BOSTON — Massachusetts Gov. Deval Patrick on Tuesday unveiled a $20 million package of proposals to tackle what he described as a crisis of addiction to opioid drugs in the state, and he called for a summit of all six New England governors to address a broader regional response.
A commission appointed by the governor, who in March declared addiction to opiate drugs a public health emergency, called for steps including expanding treatment for drug addicts in state prisons and creating new live-in centers to treat addicts as young as 13 years old.
“These actions will help enhance our network for treatment and recovery services to help communities and families struggling with addiction,” Patrick said at a Boston high school that provides treatment services for addicted teenagers.
Opioid abuse can start with prescription painkillers and escalate to heroin use. In Massachusetts alone, some 668 people died from opioid drug overdoses in 2012, almost double the level in 2000, according to the state report.
The commission also called on state regulators to review how doctors prescribed and pharmacies dispense opioid pain relievers, noting, “safe prescribing and dispensing practices are needed to decrease the risk of misuse and abuse while allowing for the legitimate use of these important medications.”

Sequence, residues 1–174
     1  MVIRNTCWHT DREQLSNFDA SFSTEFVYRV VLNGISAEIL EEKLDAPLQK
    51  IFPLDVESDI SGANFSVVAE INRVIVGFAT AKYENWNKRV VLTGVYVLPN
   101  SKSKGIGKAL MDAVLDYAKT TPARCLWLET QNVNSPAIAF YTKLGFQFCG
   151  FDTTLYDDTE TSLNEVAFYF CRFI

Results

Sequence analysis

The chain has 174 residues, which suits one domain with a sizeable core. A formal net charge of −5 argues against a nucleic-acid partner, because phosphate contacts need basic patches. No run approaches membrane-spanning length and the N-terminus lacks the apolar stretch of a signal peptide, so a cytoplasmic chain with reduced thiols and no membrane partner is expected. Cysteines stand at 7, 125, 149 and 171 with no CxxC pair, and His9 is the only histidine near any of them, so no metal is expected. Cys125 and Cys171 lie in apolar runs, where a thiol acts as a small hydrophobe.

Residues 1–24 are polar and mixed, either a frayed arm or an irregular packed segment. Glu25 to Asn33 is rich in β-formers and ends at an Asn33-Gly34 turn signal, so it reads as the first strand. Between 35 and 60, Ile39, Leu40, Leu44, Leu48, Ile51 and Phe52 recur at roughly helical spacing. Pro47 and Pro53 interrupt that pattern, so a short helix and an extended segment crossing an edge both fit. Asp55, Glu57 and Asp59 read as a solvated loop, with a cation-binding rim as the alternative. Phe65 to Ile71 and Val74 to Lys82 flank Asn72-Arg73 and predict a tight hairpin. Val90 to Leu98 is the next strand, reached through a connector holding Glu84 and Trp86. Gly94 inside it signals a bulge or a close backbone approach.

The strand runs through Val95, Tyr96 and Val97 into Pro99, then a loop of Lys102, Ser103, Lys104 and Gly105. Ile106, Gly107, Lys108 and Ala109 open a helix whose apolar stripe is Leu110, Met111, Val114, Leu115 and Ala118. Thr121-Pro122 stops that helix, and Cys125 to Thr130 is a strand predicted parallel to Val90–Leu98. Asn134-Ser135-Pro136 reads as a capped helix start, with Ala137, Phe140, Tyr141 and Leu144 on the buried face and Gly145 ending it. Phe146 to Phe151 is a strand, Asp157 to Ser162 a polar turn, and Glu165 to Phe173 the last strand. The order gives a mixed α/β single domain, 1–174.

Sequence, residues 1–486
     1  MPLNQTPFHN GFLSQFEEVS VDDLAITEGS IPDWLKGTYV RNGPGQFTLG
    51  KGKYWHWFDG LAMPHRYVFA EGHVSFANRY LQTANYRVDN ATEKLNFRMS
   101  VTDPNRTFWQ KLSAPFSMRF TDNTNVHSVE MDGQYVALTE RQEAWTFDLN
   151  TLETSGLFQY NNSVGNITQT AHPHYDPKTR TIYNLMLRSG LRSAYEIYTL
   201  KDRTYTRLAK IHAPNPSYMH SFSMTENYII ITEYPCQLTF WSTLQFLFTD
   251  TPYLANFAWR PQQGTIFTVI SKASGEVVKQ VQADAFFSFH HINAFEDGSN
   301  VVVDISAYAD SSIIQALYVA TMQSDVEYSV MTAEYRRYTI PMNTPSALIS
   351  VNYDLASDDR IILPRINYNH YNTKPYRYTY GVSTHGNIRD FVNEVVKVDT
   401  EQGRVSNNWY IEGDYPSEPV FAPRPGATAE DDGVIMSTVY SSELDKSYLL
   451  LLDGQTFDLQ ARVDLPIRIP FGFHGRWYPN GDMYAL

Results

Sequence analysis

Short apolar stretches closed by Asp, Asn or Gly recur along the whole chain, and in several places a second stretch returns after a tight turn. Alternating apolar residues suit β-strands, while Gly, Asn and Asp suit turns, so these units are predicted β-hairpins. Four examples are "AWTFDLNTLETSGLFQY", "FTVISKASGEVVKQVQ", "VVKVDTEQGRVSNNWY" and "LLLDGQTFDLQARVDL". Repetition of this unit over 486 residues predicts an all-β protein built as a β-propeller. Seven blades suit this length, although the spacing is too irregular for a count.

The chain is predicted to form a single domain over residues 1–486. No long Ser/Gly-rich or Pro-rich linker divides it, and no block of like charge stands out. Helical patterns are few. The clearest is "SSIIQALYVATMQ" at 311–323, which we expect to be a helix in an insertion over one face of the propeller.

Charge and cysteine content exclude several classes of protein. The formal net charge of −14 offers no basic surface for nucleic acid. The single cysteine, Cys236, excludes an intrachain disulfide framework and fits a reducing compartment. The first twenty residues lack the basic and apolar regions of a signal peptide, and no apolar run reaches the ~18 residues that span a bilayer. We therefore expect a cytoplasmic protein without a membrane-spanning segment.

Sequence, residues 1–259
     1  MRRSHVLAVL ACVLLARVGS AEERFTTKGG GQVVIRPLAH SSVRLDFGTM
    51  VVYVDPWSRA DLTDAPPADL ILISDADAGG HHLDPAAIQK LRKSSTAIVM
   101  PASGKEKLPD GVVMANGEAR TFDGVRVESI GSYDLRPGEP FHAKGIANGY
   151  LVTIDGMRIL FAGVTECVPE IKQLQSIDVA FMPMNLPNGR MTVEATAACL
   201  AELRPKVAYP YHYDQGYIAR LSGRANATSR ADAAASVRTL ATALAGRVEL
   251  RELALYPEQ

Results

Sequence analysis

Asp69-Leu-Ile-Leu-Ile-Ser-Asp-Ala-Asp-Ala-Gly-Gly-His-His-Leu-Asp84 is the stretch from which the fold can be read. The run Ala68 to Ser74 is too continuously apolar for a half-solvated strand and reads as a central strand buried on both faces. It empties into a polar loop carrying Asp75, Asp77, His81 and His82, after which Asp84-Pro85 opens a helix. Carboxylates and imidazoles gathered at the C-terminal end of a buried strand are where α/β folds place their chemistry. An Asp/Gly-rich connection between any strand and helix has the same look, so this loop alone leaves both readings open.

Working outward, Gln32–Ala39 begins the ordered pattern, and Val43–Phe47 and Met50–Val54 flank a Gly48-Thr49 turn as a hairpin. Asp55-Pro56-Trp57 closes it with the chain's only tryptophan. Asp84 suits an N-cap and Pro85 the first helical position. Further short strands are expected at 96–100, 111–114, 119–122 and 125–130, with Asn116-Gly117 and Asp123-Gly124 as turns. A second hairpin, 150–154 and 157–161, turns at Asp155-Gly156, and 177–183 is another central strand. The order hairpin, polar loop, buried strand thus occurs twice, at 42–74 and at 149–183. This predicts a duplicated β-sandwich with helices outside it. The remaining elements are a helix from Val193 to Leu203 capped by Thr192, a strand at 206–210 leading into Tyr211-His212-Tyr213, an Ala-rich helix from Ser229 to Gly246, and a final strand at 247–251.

Patrick said he planned to meet with his counterparts from Rhode Island, Connecticut, Vermont, New Hampshire and Maine next week to discuss ways they could collaborate to reduce opiate abuse across the New England region.
Representatives for Rhode Island Gov. Lincoln Chafee, Connecticut Gov. Dannel Malloy and New Hampshire Gov. Maggie Hassan confirmed the governors would attend next week’s summit.
A spokeswoman for Maine Gov. Paul LePage, the sole Republican governor in the region, said he would not attend because of a prior commitment. Representatives for Vermont Gov. Peter Shumlin were not immediately able to comment.
An earlier effort by Patrick to cut opioid drug use in the state by banning the sale of Zogenix Inc.’s prescription painkiller Zohydro was knocked down by a federal court in April, which ruled that only the U.S. Food and Drug Administration had the authority to regulate such sales.